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PLoS One. 2014 Apr 8;9(4):e94528. doi: 10.1371/journal.pone.0094528. eCollection 2014.

Prevalence and trend of major transfusion-transmissible infections among blood donors in Western China, 2005 through 2010.

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Institute of Chinese Medical Sciences, University of Macau, Taipa, Macau, China.
Center for Applied Biostatistics, Sahlgrenska Academy, University of Gothenburg, Gothenburg, Sweden.



The prevalence of transfusion-transmissible infections (TTIs) in blood donations is important for evaluating blood safety and potential risks to the population. This study investigated the prevalence of TTIs among blood donors in Western China and suggested measures for policy-makers.


The screening results of 66,311 donations between 2005 and 2010 from a central blood center in Western China were analyzed. The prevalence of hepatitis B virus (HBV), hepatitis C virus (HCV), human immunodeficiency virus (HIV), and syphilis infections were expressed in percentages for the entire study group as well as groups by demographic characteristics and donation frequency, with differences analyzed using Fisher's exact or Chi-square test. Logistic regression was performed to identify the influencing factors of the detected results.


1,769 (2.67%, 95% CI 2.55-2.79%) of the donated blood had serological evidence of infection with at least one pathogen and 44 (0.07%, 95% CI 0.05-0.09%) showed evidence of multiple infections. The seroprevalence of HBV, HCV, HIV, and syphilis infections was 0.87% (95% CI 0.80-0.94%), 0.86% (95% CI 0.79-0.93%), 0.31% (95% CI 0.26-0.35%), and 0.70% (95% CI 0.64-0.76%) respectively. Trend analysis for the prevalence of TTIs showed a significant increase from 2.44% to 3.71% (χ2 = 100.72, p = 0.00) over this 6-year period. The positive rates for TTIs varied along demographic lines. The top three risk factors in test-positive donors were identified as age, education level and donation frequency. The older age group and lower educated group were linked to a higher prevalence of TTIs. A decreasing prevalence was associated with an increasing frequency of blood donations (χ2 = 562.78, p = 0.00).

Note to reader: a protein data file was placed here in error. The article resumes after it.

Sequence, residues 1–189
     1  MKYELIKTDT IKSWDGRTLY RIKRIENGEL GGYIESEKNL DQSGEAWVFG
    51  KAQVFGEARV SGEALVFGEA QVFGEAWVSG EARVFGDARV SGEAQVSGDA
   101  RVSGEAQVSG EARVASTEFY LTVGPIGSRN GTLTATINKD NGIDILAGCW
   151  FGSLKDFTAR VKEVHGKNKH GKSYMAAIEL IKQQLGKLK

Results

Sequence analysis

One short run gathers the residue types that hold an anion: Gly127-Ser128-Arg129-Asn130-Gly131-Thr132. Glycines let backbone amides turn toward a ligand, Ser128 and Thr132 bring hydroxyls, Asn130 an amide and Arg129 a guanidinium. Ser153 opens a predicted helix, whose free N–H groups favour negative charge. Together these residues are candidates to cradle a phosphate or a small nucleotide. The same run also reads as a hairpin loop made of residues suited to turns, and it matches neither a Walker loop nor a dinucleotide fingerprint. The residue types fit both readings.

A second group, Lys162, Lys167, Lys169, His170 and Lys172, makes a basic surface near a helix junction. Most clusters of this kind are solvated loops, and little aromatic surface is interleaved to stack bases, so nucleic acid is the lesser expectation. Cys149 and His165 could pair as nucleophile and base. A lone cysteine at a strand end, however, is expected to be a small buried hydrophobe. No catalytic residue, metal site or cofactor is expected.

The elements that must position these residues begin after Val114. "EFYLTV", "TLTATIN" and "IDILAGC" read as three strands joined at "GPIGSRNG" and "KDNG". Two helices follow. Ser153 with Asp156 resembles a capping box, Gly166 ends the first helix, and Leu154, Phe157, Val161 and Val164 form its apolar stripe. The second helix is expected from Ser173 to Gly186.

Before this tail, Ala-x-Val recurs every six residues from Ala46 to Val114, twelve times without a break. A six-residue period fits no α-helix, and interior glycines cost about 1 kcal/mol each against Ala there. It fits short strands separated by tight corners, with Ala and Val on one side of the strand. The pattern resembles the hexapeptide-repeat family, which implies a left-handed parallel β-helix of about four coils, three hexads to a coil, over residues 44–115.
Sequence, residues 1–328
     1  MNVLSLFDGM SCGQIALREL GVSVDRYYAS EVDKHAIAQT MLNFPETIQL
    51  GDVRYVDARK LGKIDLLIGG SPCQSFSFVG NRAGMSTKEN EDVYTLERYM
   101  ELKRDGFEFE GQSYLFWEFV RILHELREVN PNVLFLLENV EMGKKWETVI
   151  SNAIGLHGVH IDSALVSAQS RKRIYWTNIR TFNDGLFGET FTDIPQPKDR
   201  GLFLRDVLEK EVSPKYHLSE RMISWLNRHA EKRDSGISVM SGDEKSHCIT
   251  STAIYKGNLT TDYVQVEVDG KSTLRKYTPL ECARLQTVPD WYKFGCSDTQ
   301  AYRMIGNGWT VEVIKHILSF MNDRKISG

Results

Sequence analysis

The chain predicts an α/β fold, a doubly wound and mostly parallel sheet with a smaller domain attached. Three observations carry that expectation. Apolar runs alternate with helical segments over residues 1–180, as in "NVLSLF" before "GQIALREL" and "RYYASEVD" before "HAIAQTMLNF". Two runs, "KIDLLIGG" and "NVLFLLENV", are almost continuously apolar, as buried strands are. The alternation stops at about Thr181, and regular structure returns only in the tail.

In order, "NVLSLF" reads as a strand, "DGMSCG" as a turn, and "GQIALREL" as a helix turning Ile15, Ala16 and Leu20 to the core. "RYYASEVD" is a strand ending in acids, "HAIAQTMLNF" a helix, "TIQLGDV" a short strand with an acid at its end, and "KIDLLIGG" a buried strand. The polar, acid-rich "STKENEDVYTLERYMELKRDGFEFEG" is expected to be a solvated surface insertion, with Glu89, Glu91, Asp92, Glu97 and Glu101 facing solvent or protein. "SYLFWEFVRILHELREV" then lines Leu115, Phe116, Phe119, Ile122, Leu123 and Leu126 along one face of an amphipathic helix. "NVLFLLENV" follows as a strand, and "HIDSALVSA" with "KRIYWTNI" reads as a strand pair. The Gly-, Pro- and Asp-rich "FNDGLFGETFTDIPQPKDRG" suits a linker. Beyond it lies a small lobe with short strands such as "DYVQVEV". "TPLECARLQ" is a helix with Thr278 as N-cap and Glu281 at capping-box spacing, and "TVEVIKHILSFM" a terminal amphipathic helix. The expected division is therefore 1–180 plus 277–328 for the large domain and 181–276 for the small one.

Hepatitis B and C were found most, and often in conjunction with syphilis. These were the primary threats to blood safety. The high positivity rate and the increasing prevalence of TTIs among blood donors in Western China call for further actions.

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